Why do we ask why? Early on in my quest I had a conversation with an actual rocket-scientist turned hedge-fund manager where I tried to explain that this was the core of my search. I was a bit hurt by his initial dismissal then realised that he had understood the phrase in the way it is often used to draw a halt to further enquiry, to say in essence that “there is an infinitely recursive series of ‘Whys’ that can be asked, I don’t have time for this nonsense and there’s a pint of beer that isn’t going to drink itself waiting somewhere more interesting.”

Why do we ask why? Evolutionary biology suggests that the simple reason is that it confers advantage. Why is that bush moving? Is it a predator? Why is that plant growing there? Can I find water nearby? But these kind of questions seem to be of a different order to “Why does a loving god allow suffering?” Or “Why do we ask why?”

We can maybe look at the way we have out-competed every other animal on the planet and say “We harnessed fire, made tools and wheels. There’s your proof bigger questions gave us an advantage”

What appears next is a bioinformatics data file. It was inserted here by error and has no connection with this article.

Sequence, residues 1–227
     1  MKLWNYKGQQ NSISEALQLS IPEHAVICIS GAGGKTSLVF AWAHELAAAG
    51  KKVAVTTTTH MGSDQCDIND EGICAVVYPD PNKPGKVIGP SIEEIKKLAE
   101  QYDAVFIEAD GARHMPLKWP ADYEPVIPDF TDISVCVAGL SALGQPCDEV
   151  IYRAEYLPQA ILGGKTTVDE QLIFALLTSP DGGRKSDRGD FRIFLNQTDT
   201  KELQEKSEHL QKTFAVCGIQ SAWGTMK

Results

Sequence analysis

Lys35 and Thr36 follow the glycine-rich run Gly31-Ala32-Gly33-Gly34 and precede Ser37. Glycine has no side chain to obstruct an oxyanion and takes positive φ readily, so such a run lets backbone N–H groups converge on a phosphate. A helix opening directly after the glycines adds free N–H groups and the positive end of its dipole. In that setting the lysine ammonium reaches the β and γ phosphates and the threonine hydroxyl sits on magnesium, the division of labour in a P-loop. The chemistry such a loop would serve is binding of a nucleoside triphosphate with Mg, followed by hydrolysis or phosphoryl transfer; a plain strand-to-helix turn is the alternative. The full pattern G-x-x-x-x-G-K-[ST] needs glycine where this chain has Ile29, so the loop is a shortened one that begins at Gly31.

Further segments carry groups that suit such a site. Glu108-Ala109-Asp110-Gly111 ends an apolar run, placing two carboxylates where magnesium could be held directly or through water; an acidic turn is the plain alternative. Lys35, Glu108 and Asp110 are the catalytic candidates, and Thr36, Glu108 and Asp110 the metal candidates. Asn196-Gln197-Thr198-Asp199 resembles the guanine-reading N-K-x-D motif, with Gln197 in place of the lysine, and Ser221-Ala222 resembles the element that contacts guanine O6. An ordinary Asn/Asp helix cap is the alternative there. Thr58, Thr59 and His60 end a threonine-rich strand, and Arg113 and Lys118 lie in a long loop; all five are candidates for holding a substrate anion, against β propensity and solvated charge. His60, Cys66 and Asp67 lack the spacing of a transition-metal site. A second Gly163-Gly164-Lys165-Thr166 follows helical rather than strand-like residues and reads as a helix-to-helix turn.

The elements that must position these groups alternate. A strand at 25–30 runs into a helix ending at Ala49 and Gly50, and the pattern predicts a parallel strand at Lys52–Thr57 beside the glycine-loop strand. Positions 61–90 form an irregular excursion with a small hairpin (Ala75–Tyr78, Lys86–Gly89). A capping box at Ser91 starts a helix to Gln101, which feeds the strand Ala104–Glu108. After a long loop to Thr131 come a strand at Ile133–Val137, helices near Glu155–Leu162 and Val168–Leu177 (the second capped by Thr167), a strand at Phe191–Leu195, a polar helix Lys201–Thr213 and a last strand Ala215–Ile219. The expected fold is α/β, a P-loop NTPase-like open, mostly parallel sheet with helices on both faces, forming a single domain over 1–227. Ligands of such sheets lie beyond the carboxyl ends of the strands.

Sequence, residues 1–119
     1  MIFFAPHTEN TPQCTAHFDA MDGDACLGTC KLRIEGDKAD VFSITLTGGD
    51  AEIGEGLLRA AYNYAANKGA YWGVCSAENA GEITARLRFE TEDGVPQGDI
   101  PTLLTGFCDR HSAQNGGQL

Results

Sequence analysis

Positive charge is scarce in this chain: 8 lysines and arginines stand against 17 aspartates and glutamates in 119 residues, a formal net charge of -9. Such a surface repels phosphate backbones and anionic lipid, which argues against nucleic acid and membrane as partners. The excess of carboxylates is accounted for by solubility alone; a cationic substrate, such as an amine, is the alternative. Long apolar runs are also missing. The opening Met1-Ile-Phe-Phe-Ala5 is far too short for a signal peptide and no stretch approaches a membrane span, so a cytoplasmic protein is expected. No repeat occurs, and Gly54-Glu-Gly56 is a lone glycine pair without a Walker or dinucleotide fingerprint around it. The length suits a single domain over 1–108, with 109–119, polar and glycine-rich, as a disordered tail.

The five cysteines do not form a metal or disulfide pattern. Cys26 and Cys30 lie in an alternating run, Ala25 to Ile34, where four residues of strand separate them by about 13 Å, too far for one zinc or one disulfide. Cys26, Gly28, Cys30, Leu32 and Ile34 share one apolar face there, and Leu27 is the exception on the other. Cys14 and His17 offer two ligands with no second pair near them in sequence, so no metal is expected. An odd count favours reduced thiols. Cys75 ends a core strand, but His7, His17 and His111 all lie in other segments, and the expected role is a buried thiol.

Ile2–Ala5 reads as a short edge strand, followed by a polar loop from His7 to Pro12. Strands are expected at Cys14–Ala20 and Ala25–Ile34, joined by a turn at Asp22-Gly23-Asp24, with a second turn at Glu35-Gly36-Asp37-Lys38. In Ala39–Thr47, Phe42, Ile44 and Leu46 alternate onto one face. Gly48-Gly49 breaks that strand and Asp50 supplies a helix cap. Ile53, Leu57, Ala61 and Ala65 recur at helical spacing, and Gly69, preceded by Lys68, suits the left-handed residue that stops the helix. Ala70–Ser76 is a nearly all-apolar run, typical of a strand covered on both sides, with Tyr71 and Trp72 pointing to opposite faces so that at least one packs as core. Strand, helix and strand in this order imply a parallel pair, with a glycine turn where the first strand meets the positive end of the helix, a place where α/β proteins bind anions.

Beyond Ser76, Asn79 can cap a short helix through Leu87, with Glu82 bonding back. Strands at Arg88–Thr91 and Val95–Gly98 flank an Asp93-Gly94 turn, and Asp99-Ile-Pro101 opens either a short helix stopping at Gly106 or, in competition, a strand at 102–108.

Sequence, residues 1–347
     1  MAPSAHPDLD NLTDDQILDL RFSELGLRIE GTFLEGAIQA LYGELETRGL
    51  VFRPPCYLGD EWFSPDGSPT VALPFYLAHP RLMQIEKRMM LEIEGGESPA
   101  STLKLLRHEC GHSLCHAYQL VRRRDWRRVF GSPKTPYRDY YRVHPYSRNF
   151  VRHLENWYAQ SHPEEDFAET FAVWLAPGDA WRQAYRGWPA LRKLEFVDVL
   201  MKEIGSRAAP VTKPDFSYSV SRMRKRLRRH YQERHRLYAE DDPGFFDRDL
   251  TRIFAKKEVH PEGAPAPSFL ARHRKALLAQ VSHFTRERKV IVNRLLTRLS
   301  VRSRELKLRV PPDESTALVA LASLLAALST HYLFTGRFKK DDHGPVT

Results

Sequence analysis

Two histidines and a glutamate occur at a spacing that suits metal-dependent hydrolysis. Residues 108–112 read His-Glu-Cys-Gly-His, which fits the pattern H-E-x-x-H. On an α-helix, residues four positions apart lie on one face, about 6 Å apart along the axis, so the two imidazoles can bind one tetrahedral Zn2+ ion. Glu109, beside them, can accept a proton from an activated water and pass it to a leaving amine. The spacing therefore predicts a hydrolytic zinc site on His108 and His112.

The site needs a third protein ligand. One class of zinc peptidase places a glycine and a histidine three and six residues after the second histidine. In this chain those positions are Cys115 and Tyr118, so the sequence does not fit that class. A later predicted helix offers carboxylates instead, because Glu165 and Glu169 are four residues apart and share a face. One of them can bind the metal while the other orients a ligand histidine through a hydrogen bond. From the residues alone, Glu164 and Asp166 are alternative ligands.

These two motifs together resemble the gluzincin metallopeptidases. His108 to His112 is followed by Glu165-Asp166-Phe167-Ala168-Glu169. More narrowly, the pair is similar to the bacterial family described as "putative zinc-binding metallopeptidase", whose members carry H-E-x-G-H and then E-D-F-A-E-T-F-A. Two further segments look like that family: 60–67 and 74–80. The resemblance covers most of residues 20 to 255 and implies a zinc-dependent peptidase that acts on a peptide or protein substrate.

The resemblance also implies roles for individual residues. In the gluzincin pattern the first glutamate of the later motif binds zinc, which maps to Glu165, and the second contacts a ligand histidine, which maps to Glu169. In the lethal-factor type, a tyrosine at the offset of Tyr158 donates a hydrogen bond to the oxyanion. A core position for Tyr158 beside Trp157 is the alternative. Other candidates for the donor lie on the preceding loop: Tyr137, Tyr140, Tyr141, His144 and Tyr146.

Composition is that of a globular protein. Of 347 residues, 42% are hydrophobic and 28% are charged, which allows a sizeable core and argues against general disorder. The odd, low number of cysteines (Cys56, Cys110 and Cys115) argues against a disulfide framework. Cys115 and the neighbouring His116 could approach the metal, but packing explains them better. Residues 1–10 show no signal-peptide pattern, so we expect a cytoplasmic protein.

I return to the mantra, “Why do we ask why?” It is such a glib phrase yet if we engage with it there is a huge depth there with multiple layers of abstraction from the practical world; a situation where the framework that supports the ability to conceive of the question in the first place is simultaneously dismantled by the fact that we have noticed the framework. And look at some of the other questions we ask: What is the meaning of life? How does the sense of self appear from neural activity? Can quantum weirdness be explained if the world is really information? And the eternal grand-daddy of all big questions – where do all the odd socks go?

What is the evolutionary driver for even having the capability to ask questions such as these?

I would like to propose a radical alternative.

The reason we ask “why?” is that it is programmed into us. Not by any outside agency; not by aliens, or a supernatural being, or a plot by the illuminati, the CIA or China’s Ministry of State Security. Not by subliminal blipverts or an education whose purpose is to turn us into dissatisfied citizens and hence neurotic serial consumers, but by the fact that we are part of the universe.